- In Miss Congeniality, an entire team of stylists is required to dress and make up Grace for her assignment as a beauty pageant contestant.
- In Mrs. Doubtfire, Daniel recruits his brother, Frank, and his partner, Jack, to create the Mrs. Doubtfire disguise.
- In Pretty Woman, "Bridget from women's clothing" takes Vivian through her store to dress her according to Richard's specifications.
- In The Princess Diaries, stylist Paolo subverts the Makeover Fairy trope by revealing Mia's royal identity to the press, thus becoming an important plot catalyst. He gets downgraded to a Makeover Fairy in the sequel, when his only purpose is to prepare Mia for her wedding. His lovely assistants, Gretchen and Helga, are Makeover Fairies in both films.
- In She's All That, Zack's sister, Mac, primarily functions to make over Laney for Zack's plan to transform her into the prom queen. While she appears before and after the makeover, she has zero impact on the story other than the makeover.
- In Tall Girl, Jodi's sister, Harper, insists on making over Jodi in order to help her attract her crush.
- In Crazy Rich Asians, Peik Lin recruits atelier Patric to style Rachel for Colin and Araminta's wedding.
- In the movie, this task is given to a fleet of stylists hired by Nick's cousin Oliver.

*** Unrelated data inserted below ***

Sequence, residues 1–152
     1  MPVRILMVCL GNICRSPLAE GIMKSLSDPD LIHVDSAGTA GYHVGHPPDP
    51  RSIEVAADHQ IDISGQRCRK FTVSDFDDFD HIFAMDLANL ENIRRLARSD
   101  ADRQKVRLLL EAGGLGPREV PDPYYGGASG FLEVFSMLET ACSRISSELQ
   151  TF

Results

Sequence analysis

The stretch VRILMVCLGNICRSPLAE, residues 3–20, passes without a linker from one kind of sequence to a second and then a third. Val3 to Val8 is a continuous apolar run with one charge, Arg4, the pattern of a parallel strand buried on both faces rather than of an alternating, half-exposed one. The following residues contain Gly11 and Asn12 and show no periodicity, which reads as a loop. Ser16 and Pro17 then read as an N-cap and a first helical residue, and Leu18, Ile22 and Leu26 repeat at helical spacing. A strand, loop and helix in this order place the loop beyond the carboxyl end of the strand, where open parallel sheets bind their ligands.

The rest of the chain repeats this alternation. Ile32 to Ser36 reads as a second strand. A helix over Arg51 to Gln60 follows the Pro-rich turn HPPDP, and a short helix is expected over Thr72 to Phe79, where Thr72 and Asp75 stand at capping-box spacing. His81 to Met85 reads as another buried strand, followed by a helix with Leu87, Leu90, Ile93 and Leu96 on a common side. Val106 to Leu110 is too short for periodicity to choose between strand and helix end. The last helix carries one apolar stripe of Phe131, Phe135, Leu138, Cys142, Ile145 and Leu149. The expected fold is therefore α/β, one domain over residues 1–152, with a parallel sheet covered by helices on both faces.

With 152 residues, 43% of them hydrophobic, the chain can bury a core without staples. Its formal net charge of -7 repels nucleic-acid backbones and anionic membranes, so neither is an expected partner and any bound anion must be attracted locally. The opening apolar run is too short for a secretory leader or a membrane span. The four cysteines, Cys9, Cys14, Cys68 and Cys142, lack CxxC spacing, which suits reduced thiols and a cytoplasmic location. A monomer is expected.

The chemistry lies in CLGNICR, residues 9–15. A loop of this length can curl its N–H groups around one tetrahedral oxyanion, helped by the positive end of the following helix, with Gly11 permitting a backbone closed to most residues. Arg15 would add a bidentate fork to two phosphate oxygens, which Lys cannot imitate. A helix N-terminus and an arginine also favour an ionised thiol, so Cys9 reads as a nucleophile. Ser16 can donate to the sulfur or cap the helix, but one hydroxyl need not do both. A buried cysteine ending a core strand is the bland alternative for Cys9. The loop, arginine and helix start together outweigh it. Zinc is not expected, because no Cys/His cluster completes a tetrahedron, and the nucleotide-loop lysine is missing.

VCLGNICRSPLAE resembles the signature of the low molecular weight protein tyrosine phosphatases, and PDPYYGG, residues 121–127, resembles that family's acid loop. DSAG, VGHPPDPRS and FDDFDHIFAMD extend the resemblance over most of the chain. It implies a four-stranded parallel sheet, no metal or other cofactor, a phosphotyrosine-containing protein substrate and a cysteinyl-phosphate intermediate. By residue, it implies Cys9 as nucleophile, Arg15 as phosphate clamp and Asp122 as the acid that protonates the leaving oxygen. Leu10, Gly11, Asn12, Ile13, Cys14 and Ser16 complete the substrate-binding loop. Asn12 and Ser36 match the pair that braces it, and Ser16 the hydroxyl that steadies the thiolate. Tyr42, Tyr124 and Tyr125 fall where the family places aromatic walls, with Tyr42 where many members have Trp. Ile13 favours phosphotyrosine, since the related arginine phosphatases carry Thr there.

- The sequel, China Rich Girlfriend, introduces professional Makeover Fairy Corinna Ko-Tung, who consults new-money Asians on how to dress, live, and behave according to the rules of the old-money set.
- In Fifty Shades Darker, a hairstylist named Franco makes a house call for Ana at Christian's penthouse.
- In The Hunger Games, each tribute has a stylist and a three-person prep team to outfit them for the opening parade and their televised interview with Caesar Flickerman. Cinna, who styles Katniss, subverts the trope by being more understated and politically motivated. Her prep team of Venia, Octavia, and Flavius play the trope straight by serving no other purpose in the first and second books; they get a little more Character Development in the third.